Enstar, the natural gas utility in the Cook Inlet area, is being sold to a Canadian corporation. Enstar belongs to Semco Energy, which in turn was owned by Continental Energy Systems in Michigan. The company that is buying Semco is AltaGas, of Calgary, which already owns other natural gas distribution systems in the north and a hydro-electric project on the Iskut River in British Columbia. It is paying 1.135 billion dollars for a U-S presence.

Enstar spokesman John Sims says customers should see no change.

“It’s important to understand, or for customers to understand that this will have immediate impact on base rates. There won’t be an adjustment in rates until 2014, which our next scheduled rate case is, so, you know, from that perspective, to customers, it should be seamless,” Sims said.

Sims also says Enstar’s president and management team have been retained and it’s largely unionized staff’s contracts will be honored by AltaGas.

The transaction is expected to be closed in the third quarter of 2012.

Some Customers May Get Refund From Fairbanks Utility

Dan Bross, KUAC – Fairbanks

A Fairbanks utility and the state have come to resolution in a long running rate dispute that will  result in customer refunds.  The settlement between the Regulatory Commission of Alaska and Fairbanks Sewer and Water will see about 8,500 past and present customers of Golden Heart and College Utilities repaid nearly $4.5 million as a result of rates the commission has determined were too high.  The Utilities Director of Administration Tiffany Van Horn says the settlement covers 2004 through 2006.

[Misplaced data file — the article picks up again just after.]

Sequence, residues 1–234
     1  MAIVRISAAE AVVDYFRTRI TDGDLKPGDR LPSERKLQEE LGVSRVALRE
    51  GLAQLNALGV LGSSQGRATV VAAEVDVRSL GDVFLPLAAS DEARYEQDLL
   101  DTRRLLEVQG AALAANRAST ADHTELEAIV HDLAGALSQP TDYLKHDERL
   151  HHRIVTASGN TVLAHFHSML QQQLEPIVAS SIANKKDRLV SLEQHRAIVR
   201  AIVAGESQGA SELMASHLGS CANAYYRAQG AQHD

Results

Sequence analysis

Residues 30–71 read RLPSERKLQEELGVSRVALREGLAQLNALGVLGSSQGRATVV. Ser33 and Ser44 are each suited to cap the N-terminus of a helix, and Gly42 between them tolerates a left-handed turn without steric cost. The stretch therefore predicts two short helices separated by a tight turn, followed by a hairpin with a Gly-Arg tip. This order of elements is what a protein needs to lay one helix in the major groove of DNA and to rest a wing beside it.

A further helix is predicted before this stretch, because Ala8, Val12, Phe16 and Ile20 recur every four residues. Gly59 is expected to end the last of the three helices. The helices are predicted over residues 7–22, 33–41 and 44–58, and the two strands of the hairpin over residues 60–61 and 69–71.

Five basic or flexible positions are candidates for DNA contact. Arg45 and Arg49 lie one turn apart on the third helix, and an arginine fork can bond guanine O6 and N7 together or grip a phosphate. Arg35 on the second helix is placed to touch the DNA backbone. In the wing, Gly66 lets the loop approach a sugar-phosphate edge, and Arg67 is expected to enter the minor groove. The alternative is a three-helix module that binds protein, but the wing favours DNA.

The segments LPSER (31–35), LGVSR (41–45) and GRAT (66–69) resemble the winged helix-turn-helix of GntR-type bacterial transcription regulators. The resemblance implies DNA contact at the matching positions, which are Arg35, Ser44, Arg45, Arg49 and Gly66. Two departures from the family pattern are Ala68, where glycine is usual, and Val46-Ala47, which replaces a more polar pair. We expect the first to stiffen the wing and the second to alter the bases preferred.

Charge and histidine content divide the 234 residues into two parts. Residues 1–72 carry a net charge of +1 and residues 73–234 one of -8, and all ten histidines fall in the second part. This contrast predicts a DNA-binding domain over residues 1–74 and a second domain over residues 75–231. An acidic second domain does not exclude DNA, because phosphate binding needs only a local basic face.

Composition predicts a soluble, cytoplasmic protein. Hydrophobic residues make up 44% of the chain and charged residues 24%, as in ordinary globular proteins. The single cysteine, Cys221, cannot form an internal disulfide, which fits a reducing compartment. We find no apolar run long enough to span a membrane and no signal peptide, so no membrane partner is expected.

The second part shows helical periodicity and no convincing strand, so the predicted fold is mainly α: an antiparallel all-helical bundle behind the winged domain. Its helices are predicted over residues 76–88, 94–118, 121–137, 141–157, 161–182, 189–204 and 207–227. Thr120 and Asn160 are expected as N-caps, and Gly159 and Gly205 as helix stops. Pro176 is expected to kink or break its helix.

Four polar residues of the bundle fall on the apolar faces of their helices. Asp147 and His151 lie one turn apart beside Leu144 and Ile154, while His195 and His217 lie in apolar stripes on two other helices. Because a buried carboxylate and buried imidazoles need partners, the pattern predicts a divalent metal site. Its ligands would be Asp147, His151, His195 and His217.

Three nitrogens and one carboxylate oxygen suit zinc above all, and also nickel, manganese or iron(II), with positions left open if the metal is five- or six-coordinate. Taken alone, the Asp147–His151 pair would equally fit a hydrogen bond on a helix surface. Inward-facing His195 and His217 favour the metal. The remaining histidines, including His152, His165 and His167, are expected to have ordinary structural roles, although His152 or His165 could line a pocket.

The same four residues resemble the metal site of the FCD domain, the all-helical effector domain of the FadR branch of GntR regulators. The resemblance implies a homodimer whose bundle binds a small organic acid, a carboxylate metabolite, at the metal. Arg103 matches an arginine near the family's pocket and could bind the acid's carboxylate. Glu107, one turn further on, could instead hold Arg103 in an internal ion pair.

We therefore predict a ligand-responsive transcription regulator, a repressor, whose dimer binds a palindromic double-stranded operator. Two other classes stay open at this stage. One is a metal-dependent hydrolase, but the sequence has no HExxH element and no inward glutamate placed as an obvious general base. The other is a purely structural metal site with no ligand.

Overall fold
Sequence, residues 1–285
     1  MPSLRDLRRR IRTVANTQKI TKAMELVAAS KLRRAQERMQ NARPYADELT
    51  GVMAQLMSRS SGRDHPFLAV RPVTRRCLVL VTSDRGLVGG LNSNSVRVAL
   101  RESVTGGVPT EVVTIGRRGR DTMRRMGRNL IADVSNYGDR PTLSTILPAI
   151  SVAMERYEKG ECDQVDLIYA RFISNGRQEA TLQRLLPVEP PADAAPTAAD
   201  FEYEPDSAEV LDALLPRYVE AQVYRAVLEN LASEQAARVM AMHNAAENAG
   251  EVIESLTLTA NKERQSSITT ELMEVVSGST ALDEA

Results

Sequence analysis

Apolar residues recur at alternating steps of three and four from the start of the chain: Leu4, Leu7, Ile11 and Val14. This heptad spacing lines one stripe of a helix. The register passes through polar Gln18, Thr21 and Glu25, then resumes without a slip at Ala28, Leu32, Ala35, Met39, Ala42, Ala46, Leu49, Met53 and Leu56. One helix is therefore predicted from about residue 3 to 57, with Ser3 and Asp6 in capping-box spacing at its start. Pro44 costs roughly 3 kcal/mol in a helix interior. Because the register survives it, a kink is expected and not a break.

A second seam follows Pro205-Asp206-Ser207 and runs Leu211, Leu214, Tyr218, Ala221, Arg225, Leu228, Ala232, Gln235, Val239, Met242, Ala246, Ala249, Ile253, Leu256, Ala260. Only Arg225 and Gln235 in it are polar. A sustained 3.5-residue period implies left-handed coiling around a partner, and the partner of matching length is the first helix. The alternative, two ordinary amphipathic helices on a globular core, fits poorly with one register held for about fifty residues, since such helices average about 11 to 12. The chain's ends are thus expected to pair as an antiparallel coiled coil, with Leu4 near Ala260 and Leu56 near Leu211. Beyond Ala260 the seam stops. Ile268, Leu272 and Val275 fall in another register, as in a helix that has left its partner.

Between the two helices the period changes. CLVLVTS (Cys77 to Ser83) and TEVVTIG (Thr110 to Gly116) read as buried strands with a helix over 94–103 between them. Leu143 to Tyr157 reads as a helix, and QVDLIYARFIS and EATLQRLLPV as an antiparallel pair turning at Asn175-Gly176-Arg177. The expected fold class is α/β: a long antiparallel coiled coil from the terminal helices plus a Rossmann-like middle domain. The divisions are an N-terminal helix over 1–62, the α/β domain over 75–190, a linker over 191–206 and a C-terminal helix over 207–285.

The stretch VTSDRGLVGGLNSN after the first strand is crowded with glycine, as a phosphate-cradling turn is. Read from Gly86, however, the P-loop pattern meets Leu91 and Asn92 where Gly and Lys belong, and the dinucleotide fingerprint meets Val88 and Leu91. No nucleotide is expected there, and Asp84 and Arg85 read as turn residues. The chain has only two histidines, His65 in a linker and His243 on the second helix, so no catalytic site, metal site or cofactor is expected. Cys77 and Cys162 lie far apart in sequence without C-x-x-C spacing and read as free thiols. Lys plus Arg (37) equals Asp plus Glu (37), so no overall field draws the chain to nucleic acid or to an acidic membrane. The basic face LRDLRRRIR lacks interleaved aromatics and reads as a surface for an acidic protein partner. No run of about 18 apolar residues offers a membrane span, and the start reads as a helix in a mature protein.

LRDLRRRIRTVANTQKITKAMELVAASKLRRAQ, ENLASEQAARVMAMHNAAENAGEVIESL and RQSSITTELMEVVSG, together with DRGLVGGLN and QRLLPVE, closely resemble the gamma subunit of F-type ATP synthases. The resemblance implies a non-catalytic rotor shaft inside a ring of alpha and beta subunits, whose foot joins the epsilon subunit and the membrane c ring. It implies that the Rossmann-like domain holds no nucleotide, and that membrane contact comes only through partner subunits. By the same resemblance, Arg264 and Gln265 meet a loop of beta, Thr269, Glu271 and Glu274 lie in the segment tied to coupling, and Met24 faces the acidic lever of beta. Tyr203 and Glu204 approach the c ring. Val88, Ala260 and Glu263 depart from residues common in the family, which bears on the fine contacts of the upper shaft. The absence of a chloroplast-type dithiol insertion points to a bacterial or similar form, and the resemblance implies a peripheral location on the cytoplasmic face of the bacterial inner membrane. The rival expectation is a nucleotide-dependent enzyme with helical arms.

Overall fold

Van Horn says there’s no estimate on how much the average customer will get. She says some of the revenue from the effected years was set aside in an escrow account while the R.C.A. considered the rates. She says the refunds will come out of that account. The utility has maintained it needs higher rates due to increased operating costs, infrastructure replacement and lower water usage by customers. Meanwhile, the R.C.A. is considering a 2010 rate hike.  A decision on those rates is scheduled for September.

Push For New Information On Old Fairbanks Murder Gains Momentum

Dan Bross, KUAC – Fairbanks

An effort to uncover new information about an old murder in Fairbanks is gaining momentum. Blogging and social networking are being employed in an attempt to exonerate four local men imprisoned for the 1997 killing of a Fairbanks teenager.

Anchorage Receives $13.2 Million To Help Start Small Businesses

Daysha Eaton, KSKA – Anchorage

The city of Anchorage has received a $13.2 million allocation from the Department of Commerce. The money is meant to help people start small businesses.

Chickaloon Author Releases ‘The Snow Child’

Ellen Lockyer, KSKA – Anchorage

Chickaloon author Eowyn Ivey has hit the jackpot with her first novel, The Snow Child. Her story about two homesteading Alaskans almost a century ago is capturing the attention of readers from Norway to Australia.  The title was released in the US this week, to glowing reviews by writers and critics.   KSKA’s Ellen Lockyer spoke with the author at Fireside Books in Palmer, where she was signing copies of the novel.